Meet Freddie Wong, the master of viral videos

Guns, stunts, and nerdiness is a winning formula for one YouTube filmmaker.


Fruzsina Eördögh


Published Jul 25, 2011   Updated Jun 3, 2021, 3:49 am CDT

Who is Freddie Wong?

The nerd-chic filmmaker is a rising YouTube star—as freddiew, he’s the tenth most popular account on the site. But now he’s broken through to Hollywood, with mainstream celebrities clamoring to appear in his Internet videos.

Wong’s latest is a collaboration with director Jon Favreau, a promo for the upcoming “Cowboys & Aliens” movie, and Eliza Dushku has recently appeared in a Wong production.

The mainstream may notice these celebrity appearances. But online-video viewers already love Wong’s action-packed short films on nerdy topics like video games and Star Wars. He also does his own stunts, upping his geek cred.

Wong joined YouTube in February 2006, and for four years he slogged away in relative obscurity. But two factors helped him break out last year: For one, he developed a distinctive style for his videos—action-packed gun battles with (sometimes) witty punchlines. And in March 2010, in a move Wong raved about in a video, YouTube admitted him to its partnership program. (YouTube partners get a cut of ad revenues, as well as promotion on the online-video site.)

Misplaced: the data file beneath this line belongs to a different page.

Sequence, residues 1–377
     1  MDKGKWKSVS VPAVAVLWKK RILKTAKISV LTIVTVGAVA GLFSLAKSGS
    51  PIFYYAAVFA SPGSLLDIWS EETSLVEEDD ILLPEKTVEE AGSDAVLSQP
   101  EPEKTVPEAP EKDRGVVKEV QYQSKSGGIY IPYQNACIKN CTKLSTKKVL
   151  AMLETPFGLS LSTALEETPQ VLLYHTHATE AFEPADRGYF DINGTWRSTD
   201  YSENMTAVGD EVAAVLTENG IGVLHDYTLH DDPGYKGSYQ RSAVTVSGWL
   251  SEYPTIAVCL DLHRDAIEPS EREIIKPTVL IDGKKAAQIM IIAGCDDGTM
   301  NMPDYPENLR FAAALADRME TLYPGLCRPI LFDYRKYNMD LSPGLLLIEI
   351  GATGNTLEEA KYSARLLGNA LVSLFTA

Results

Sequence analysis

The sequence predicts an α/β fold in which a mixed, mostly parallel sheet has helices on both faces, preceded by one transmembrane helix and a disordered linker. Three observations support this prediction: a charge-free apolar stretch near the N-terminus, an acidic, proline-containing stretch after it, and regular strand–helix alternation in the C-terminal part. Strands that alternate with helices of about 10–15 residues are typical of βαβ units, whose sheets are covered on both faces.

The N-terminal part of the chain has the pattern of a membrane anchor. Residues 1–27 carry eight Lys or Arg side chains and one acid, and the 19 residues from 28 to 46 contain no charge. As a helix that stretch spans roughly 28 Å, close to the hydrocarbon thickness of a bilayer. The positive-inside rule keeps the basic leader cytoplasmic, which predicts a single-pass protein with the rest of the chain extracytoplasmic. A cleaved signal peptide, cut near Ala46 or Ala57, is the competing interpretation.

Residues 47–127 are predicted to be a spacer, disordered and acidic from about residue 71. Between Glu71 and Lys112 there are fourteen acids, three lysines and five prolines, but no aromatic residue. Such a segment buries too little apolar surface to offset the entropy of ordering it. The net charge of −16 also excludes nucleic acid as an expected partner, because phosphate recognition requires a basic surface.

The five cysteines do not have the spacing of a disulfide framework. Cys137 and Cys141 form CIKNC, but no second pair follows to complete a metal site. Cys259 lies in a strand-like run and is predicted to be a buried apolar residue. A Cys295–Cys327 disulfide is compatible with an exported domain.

With YouTube’s backing, Wong has become a master of viral videos. Nearly anything he posts these days gets a half-million views, minimum, and in total, Wong’s videos have been viewed more than 320 million times.

Wong has made a science of viral videos. “We’ve been watching YouTube for a while and as a result, had a pretty good sense of what played and what didn’t,” Wong told the Daily Dot in an email.

If his videos are any indication, the Internet loves shootouts and stunts. Sometimes Wong makes a subtle dig in his videos, like “The Crying PC Gamer,” a video reflecting on rampant cheating and other bad behavior among gamers.

Wong doesn’t think too highly of Hollywood and its middlemen, admitting as much in a recent interview on social news site Reddit, where he’s an active contributor. Wong said he has every intention of continuing to work with YouTube:“Straight-up digital delivery will be the way the future works. Heck, PC gaming has already shifted over that way.”

On average, he told the Daily Dot, it takes about a week to create one of his videos, but he doesn’t spend much money on them.

One of the things Wong loves about YouTube is the feedback he gets from fans, admitting he “constantly” incorporates their suggestions in his short films.

Here’s a brief introduction to Wong’s oeuvre.

This was one of the first Freddie Wong videos I came across. I was blown away by Wong’s agility. “Chrono Trigger: Short Action Sequence”, with 7 million views:

“One Shot featuring Eliza Dushku,” May 2011:

“Time Crisis – Featuring Andy Whitfield”, Wong’s first celebrity costar, August 2010:

Wong’s most viewed video, “Future First Person Shooter”, with over 18 million views:

One of his first viral videos, “Jedi A-Holes”, clocking in at 4 million views:

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*First Published: Jul 25, 2011, 7:43 pm CDT